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5 March 2013 | Adam Leach
New trains and maintenance facilities for the Crossrail project will be fully funded by the taxpayer after plans to split the investment with the private sector were scrapped.
The total cost of around £1 billion was due to be paid with a public sector contribution of £350 million and a private sector investment, backed by a government guarantee, of around £650 million. The involvement of the private sector has now been abandoned to speed up the process of securing the required capital, so a deal for the trains and services can be secured in 2014. The change in financing will not affect the current tender, as documents had reserved the right to make changes to the procurement.
Crossrail is Europe’s biggest construction project, building a new railway line between Maidenhead in Berkshire and Heathrow in the West, and Shenfield in Essex and Abbey Wood at a cost of £16 billion.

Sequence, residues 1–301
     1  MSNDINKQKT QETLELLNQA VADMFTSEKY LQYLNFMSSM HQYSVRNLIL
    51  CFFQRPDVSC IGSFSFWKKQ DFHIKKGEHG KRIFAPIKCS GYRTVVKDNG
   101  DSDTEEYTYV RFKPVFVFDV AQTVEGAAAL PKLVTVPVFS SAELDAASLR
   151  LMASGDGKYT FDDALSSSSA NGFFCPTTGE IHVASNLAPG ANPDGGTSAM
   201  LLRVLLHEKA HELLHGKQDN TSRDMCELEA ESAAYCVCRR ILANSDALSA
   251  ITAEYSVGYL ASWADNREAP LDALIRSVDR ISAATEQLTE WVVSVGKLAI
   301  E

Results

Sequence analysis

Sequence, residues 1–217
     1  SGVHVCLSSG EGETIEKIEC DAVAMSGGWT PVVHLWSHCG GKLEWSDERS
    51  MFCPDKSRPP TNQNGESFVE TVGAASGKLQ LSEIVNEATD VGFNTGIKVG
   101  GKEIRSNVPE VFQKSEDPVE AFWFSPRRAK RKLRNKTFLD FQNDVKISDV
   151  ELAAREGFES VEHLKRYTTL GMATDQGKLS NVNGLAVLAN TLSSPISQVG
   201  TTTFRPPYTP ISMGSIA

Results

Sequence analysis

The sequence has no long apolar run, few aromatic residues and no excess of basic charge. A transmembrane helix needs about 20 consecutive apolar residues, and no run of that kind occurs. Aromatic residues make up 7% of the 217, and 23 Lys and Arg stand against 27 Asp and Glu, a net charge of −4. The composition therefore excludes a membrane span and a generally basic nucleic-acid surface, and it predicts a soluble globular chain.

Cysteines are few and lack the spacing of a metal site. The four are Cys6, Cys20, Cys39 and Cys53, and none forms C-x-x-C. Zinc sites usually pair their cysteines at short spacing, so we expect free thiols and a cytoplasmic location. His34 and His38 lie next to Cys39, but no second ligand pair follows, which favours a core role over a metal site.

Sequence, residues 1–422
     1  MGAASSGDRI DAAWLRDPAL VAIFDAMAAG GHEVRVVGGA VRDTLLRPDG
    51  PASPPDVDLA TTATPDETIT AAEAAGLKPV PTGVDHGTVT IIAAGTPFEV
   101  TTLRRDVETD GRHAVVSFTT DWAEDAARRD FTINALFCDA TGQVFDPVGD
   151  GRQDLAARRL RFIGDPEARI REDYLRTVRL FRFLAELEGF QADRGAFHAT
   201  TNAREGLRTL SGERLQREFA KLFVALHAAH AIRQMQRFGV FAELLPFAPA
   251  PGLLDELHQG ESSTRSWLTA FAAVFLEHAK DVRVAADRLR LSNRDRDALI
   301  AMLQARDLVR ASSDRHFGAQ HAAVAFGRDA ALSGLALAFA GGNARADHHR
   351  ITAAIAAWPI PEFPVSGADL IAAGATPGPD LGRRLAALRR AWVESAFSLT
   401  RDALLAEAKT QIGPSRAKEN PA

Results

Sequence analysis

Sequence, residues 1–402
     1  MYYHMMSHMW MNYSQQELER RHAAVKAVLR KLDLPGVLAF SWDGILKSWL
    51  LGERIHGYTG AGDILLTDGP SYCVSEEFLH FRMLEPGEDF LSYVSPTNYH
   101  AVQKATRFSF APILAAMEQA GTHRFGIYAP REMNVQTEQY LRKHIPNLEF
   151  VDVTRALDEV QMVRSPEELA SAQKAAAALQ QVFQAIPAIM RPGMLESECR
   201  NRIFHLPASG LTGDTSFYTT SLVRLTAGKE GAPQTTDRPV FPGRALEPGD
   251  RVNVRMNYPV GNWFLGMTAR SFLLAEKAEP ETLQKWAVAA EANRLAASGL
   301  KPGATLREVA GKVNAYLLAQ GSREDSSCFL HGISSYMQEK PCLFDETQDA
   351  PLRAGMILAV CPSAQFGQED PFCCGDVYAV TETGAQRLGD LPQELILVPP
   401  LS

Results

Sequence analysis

Stephen Hammond, parliamentary under-secretary of state for transport, said: “Any delay in the rolling stock order would place this delivery timetable in jeopardy. By removing the private financing requirement and moving to a wholly publicly funded procurement the contract negotiations will be simplified and Transport for London believes this will provide greater certainty that the contract can be awarded in time.”
Labour's shadow transport secretary, Angela Eagle MP, called for the government to disclose what additional costs arose from having to change the procurement approach. “The government must come clean and admit how much of taxpayers’ money was wasted on the abandoned model of procurement and whether they will be forced to compensate bidders for their own additional costs,” she said.
Due to the requirements for the Crossrail project, existing trains cannot be used, so brand new trains must be manufactured. Mayor of London, Boris Johnson, said: “Nothing must get in the way of this fabulous new railway and it is fantastic news that we can now crack on with buying the wonderful fleet of brand spanking new trains.”
In a separate announcement, made yesterday, it was revealed the Crossrail project is generating enough work to support the equivalent of 55,000 full-time jobs through the supply chain. Other figures revealed that 43 per cent of businesses winning contracts for the project are located outside of London and 58 per cent of businesses in the supply chain are SMEs.